Turkey’s ruling party and the main opposition party kept up their fight Saturday over the results of the referendum on expanding the president’s powers. In a series of tweets Saturday, Justice Minister Bekir Bozdag slammed the opposition Republican People’s Party (CHP) for continuing to object to the results of the April 16 referendum due to voting irregularities, saying that judicial paths to reverse the ruling are shut. The CHP fired back, saying he was threatening the judiciary in order to get them to rule against the party’s case. Unofficial results show the “yes” campaign for transforming Turkey’s parliamentary government system into a presidential one garnered 51.4 percent of the vote. Official results by the electoral board are expected next week.
Articles about voting issues in the Republic of Turkey.
Turkey’s high election board has rejected formal calls by the country’s main opposition parties to annul the result of a referendum that will grant Recep Tayyip Erdoğan sweeping new powers as president. Voters narrowly approved a set of constitutional reforms that will transform the country from a parliamentary democracy into a presidential republic, concentrating power in the hands of Erdoğan, who will be able to run for two more terms and potentially govern until 2029. The Turkish president has been handed the chance to declare himself as the only fit protector of a besieged state and its vulnerable people The two main opposition parties – the Republican People’s party (CHP) and the People’s Democratic party (HDP) – had lodged formal complaints calling for the annulment of the result, citing a controversial last-minute decision by the board to allow the counting of possibly hundreds of thousands of unstamped ballots. The constitutional amendments passed with a margin of just over a million votes. International observers had said the decision to count the ballots “contradicted the law” and removed a safeguard against fraud.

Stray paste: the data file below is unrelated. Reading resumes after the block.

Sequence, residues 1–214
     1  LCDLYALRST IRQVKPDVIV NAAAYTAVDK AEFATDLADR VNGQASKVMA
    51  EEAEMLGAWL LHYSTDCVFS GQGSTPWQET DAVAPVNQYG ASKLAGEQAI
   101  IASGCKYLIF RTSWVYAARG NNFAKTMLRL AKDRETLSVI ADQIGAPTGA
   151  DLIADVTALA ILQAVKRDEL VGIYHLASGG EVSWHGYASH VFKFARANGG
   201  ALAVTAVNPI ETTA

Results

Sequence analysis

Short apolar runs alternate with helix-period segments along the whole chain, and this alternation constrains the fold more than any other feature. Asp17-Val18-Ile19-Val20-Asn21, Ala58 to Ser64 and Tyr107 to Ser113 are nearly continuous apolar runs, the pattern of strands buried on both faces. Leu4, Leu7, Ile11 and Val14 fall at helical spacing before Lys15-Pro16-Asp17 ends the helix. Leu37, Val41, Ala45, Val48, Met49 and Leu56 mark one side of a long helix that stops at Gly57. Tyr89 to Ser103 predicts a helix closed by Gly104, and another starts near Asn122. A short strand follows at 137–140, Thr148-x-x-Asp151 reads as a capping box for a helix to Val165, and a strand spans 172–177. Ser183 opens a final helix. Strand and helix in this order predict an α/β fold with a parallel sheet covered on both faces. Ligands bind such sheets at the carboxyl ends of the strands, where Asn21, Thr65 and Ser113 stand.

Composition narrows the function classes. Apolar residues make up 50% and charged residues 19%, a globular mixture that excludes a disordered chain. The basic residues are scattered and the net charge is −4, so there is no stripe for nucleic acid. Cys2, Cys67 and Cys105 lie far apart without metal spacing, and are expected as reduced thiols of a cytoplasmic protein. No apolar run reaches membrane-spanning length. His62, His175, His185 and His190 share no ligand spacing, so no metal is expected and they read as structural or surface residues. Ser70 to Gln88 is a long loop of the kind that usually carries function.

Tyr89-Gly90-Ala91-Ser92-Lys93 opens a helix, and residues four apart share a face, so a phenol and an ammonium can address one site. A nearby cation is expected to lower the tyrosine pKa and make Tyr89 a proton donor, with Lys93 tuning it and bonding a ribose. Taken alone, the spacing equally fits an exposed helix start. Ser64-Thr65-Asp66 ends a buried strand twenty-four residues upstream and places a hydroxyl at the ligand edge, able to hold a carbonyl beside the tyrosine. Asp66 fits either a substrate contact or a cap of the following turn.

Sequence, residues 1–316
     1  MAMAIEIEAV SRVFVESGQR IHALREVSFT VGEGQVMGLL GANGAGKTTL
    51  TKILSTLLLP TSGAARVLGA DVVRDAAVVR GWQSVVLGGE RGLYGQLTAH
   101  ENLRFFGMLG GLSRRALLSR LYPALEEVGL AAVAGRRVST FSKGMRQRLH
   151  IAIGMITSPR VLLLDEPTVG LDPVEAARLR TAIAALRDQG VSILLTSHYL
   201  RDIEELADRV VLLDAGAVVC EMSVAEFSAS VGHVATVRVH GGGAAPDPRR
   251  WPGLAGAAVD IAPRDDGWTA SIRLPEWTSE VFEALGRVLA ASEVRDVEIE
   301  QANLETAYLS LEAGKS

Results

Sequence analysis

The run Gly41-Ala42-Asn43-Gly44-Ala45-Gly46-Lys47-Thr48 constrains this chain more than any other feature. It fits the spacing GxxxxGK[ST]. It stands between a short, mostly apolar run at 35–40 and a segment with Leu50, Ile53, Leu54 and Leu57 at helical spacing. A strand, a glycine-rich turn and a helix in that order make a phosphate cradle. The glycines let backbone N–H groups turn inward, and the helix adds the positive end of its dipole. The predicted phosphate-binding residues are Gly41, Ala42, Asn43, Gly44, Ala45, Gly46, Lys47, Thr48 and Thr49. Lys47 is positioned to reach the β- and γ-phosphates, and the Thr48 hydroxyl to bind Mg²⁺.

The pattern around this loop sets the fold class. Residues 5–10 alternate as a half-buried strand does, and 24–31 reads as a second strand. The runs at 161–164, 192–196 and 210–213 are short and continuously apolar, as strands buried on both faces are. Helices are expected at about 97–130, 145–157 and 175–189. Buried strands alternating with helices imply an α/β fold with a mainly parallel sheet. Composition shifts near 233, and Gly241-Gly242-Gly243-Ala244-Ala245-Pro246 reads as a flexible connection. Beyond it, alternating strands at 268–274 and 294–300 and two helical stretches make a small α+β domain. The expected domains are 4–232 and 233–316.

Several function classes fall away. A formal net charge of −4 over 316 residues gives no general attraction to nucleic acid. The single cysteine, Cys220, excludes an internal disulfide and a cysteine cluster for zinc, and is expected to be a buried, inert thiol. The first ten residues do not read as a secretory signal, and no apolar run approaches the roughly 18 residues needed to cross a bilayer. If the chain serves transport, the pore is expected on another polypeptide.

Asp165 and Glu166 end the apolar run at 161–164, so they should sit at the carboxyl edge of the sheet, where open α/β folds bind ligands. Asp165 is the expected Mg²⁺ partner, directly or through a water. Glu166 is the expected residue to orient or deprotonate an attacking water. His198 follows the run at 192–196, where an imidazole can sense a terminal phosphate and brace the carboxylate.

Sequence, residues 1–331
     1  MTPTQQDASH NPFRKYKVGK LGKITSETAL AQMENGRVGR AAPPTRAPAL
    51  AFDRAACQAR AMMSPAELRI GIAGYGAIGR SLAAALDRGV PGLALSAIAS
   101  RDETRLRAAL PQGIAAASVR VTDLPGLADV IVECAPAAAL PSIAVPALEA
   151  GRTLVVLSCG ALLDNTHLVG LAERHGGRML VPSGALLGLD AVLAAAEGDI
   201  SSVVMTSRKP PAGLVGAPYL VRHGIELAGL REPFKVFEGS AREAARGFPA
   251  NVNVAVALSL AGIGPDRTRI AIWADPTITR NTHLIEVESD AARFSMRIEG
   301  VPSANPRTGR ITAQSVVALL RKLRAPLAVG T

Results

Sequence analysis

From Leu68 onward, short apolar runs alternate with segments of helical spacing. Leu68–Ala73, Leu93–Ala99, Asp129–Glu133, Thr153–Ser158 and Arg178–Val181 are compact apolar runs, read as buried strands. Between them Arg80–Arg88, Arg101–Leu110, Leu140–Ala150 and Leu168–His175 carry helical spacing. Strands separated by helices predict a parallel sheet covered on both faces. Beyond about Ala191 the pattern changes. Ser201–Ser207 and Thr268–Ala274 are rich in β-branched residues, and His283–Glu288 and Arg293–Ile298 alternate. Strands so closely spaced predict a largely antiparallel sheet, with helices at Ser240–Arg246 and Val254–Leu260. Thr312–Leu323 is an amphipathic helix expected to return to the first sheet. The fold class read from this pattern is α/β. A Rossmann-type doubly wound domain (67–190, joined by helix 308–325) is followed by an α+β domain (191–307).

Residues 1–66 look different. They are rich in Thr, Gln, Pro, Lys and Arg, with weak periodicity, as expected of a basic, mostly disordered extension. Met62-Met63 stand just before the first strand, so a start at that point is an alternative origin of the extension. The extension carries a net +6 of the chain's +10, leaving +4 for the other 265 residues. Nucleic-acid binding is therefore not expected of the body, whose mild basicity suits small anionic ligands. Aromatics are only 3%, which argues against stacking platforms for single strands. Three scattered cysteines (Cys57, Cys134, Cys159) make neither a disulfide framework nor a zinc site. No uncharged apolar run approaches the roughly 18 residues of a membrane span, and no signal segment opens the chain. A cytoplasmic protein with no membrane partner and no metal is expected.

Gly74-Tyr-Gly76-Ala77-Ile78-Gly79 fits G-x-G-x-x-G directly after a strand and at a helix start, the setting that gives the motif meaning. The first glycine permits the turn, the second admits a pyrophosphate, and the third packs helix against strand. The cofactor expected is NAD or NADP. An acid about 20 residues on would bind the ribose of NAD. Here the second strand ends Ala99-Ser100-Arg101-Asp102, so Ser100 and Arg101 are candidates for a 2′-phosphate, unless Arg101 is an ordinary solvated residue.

Videos have emerged in Turkey of alleged ballot stuffing and polling station violations during the Sunday referendum that approved sweeping powers to the country’s president. Social media users circulated several videos, apparently showing violations on election day, including people voting more than once. In one video, a man who was identified by France 24 as Mehmet Koçlardan, the leader of a village in east Turkey from Erdogan’s Justice and Development Party (AKP), is seen casting five votes into a ballot box. Another video shows an unidentified person stamping “yes” on five voting slips and piling them on a table.
Turkey’s top election authority has voted against annulling the referendum to further empower President Recep Tayyip Erdogan. Main opposition parties had challenged the results following complaints of vote-rigging. Turkey’s high electoral board (YSK) rejected appeals from the country’s main opposition parties to annul the referendum results, the board said in a statement on Wednesday. The main opposition Republican People’s Party (CHP) and the pro-Kurdish HDP had called on the electoral board to annul Sunday’s referendum because unstamped ballot papers were included in the count. They argued that this contravened Turkish electoral law. The board overwhelmingly voted to reject the parties’ appeals.
A village leader shoves four voting slips into a ballot box. An unknown arm marks three slips with a “yes” vote. An unknown hand adds five more. An election official validates a pile of voting slips — hours after they were meant to be validated. These are four of the scenes captured in unverified videos that have helped stoke accusations of voting fraud in polling stations across Turkey during Sunday’s referendum to expand the powers of President Recep Tayyip Erdogan. Mr. Erdogan’s “yes” campaign has claimed victory by a small margin — 51.4 percent to 48.6 — in a vote that further insulates the president from scrutiny and tightens his grip on one of the most influential countries in the region. But while Mr. Erdogan has turned his claimed victory into a political reality, the legitimacy of his win is still in question.